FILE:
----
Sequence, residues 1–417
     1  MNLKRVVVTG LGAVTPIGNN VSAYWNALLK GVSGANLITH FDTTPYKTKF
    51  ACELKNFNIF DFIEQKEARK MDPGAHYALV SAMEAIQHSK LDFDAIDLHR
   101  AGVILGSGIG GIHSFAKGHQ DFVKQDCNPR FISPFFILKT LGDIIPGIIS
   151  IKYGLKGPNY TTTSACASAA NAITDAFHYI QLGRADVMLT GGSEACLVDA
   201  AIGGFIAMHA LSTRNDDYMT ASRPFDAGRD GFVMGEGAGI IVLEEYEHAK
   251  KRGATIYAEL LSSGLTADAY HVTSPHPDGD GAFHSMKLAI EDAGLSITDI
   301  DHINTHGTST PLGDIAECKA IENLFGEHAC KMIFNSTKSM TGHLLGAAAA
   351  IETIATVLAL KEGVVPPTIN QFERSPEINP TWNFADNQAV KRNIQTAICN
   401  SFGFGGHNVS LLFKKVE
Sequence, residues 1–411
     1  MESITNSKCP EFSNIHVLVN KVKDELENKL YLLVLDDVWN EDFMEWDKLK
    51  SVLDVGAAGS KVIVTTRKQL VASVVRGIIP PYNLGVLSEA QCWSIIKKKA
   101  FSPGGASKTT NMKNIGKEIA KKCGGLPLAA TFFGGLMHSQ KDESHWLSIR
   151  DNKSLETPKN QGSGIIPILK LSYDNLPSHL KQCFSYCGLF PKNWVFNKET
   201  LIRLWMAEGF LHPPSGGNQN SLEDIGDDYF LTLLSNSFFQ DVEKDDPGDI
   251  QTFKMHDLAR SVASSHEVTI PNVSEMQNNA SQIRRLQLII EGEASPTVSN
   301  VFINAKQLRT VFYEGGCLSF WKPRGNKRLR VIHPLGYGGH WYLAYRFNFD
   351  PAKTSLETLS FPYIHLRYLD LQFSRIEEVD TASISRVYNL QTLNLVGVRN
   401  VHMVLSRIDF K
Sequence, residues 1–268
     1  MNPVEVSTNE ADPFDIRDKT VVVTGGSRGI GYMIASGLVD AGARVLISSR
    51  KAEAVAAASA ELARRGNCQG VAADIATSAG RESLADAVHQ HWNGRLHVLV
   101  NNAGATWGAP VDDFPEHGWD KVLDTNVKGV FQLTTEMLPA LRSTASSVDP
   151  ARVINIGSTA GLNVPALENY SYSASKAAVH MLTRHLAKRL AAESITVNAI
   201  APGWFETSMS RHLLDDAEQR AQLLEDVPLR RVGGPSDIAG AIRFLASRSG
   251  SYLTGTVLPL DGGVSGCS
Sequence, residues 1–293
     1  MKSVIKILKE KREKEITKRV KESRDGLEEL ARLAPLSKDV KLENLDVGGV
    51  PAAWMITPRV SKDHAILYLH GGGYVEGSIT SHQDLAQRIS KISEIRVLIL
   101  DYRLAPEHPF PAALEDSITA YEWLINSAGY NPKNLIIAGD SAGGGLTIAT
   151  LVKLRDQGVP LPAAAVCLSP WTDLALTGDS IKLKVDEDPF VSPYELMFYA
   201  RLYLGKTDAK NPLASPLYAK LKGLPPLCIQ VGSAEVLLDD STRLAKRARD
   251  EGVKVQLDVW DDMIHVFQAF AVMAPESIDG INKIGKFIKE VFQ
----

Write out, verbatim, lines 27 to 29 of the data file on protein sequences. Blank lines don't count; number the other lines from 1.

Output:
   251  SYLTGTVLPL DGGVSGCS
Sequence, residues 1–293
     1  MKSVIKILKE KREKEITKRV KESRDGLEEL ARLAPLSKDV KLENLDVGGV